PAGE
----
Though neo-Darwinians try to distance themselves from social Darwinism, the acceptance of Darwinist beliefs by cultures has broad implications for human behavior, for how people describe the world and their place within it, and for the decisions they make. Nazi Germany's incorporation of Darwinism into their philosophy was inevitable and was carried out by the leading scientists and researchers in the Western world.
Both Darwin and his leading proponent, Thomas Huxley, for example, considered Negroes and Indigenous peoples less evolved, illustrative of an intermediary step between apes and men. Huxley observed that "No rational man, cognizant of the facts, believes that the Negro is the equal still less the superior, of the white man."
What the Germans did with those ideas was a logical extension of the theory - an inescapable behavior embedded within it. And of course, this kind of thinking was applied to women for a long time. Although this is now routinely rejected as legitimate behavior, social Darwinism is still rampant - it's just the life forms to whom the descriptions are applied that have changed.
(Deciding that "thinking" capacity is indicative of position on the ladder of evolutionary hierarchy is only a decision - at that a decision by an organism (and specific people) with a vested interest in what is being decided. Queries: is there a hierarchy at all? Is "thinking" capability at all relevant to the evolutionary status of an organism? Is greater cellular complexity really indicative of evolutionary advancement? Is there such a thing as evolutionary advancement at all? Allowing these questions to emerge begins to reveal the assumptions within neo-Darwinist beliefs.)
Still, as problematical and dangerous as social Darwinism is, other behaviors are still more so. Neo-darwinism, applied within medicine to bacteria, has put the human species in a tremendously precarious position. Neo-Darwinians estimated that bacteria would take about a million years to develop resistance to antibiotics. The first bacteria resistant to all known antibiotics emerged only 55 years or so after the initial introduction of commercial antibiotics. Bacteria have been tremendous teachers for the human species in recent years, and brought to light a number of the problems within neo-Darwinism. I am not going to go into a lot of detail here, but will suggest some references to the points being made for any who care to look further. Emerging information has shown that:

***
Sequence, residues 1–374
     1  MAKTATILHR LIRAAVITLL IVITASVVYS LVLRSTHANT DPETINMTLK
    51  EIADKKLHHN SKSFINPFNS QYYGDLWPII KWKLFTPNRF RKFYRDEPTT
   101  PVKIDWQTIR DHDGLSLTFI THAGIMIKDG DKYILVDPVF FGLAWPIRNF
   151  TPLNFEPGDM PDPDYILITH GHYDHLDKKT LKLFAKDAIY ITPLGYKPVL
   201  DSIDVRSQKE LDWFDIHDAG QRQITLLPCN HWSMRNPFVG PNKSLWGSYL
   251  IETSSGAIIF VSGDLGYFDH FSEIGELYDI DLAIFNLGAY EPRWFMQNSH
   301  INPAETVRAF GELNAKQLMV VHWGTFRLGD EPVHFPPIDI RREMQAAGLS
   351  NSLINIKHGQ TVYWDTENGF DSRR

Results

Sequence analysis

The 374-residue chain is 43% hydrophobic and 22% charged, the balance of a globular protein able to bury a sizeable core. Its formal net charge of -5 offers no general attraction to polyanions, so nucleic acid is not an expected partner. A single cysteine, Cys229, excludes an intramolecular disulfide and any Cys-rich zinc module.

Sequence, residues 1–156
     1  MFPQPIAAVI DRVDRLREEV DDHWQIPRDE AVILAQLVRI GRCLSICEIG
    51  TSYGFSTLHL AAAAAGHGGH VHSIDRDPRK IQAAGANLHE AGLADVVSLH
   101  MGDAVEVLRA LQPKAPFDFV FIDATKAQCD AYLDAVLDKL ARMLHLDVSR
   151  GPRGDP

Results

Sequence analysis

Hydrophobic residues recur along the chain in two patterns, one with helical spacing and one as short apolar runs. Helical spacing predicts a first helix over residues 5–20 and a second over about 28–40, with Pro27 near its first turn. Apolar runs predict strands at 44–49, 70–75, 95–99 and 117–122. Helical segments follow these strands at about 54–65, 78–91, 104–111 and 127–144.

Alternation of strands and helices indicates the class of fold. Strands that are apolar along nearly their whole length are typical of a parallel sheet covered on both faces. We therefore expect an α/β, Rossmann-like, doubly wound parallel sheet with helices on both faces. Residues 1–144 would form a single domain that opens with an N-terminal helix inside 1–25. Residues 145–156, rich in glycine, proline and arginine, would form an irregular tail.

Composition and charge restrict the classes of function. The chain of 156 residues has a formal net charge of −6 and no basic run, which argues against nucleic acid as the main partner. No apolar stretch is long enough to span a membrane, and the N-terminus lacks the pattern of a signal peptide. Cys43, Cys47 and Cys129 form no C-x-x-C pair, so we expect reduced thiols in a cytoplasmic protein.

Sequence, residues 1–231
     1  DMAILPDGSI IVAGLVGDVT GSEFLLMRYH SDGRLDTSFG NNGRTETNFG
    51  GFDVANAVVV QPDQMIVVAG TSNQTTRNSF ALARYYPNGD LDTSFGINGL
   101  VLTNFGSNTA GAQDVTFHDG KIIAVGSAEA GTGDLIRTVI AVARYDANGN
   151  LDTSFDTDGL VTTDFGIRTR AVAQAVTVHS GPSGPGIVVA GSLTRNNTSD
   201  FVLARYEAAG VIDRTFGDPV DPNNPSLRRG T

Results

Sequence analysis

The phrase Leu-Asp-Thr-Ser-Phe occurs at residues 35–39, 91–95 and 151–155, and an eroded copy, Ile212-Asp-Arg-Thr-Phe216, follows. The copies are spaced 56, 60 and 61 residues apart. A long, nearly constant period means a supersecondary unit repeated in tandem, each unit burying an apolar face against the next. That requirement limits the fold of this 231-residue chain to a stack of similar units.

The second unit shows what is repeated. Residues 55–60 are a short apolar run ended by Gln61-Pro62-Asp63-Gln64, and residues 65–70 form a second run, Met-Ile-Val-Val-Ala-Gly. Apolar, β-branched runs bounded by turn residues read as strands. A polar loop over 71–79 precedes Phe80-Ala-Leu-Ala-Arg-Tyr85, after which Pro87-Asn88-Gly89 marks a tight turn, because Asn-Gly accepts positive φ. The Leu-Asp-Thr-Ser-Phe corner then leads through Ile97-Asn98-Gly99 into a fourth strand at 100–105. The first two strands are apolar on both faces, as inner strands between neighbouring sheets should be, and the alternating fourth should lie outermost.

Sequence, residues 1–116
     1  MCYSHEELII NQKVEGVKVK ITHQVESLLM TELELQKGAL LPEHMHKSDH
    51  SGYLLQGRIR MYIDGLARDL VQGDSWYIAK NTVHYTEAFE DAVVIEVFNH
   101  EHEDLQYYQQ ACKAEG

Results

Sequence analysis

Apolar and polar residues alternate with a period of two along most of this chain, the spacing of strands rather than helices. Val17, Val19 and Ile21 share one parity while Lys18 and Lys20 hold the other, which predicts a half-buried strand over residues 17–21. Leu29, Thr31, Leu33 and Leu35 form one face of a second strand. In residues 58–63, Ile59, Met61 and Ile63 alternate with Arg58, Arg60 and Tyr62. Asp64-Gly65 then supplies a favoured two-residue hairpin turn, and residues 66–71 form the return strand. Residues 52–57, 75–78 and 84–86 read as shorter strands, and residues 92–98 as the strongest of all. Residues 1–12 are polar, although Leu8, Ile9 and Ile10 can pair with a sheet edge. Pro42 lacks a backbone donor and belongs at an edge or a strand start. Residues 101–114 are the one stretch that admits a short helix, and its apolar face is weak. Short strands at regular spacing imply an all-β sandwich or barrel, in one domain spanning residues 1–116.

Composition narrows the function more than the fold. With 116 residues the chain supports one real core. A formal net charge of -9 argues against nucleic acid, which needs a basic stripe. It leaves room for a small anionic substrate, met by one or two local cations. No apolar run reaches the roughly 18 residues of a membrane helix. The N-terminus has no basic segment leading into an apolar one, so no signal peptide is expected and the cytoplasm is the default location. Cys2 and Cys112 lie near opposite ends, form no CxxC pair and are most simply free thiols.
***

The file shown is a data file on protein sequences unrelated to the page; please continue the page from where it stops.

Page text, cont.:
1. Bacteria acquire characteristics and pass them on to offspring, who in turn pass them on to offspring. (This is basically a Lamarckian mechanism that neo-Darwinists have long insisted was not possible - the inheritance of acquired characteristics. This occurs within the human species as well with certain forms of immunity, and some diseases such as ankylosing spondylitis - which entered the human species by the insertion of a bacterial DNA sequence into human genetic structures by a virus.)
2. Lynn Margulis has shown that evolutionary novelty arises from the fusion of two or more unlike organisms - symbiogenesis. The new organism retains the capacities of the original organisms, but also possesses new ones that are not predictable from an examination of the originals.
3. DNA is not fixed. It is a fluid organism of the cell.
4. DNA can rearrange itself in ways that are not predictable.
5. Certain parts of cells have no other function than to mediate DNA rearrangement.
6. Barbara McClintock commented on her Nobel prize-winning work with corn genetics (and the discovery of transposons), that instructions for gene rearrangement come not only from within the organism itself, but from the environment.
7. Genotype and phenotype can change in a single generation, even with "complex" life forms such as plants.
8. Cooperation is at least as important in the natural world as competition - perhaps more so. (Researchers who have routinely found cooperation occurring have had extreme difficulty in getting their research published, from James Lovelock on. For my most recent book, I reviewed research in soil science, allelopathy, ecological biochemistry, pollinator research, chemical ecology, coevolution, and so on. EVERY researcher who found evidence of cooperation remarked, often offhand, that they had had difficulty in publishing their results. As Lovelock notes (paraphrased), "It was not that the research was unsound. It was that the peer reviewers seemed to regard the results as dangerous.")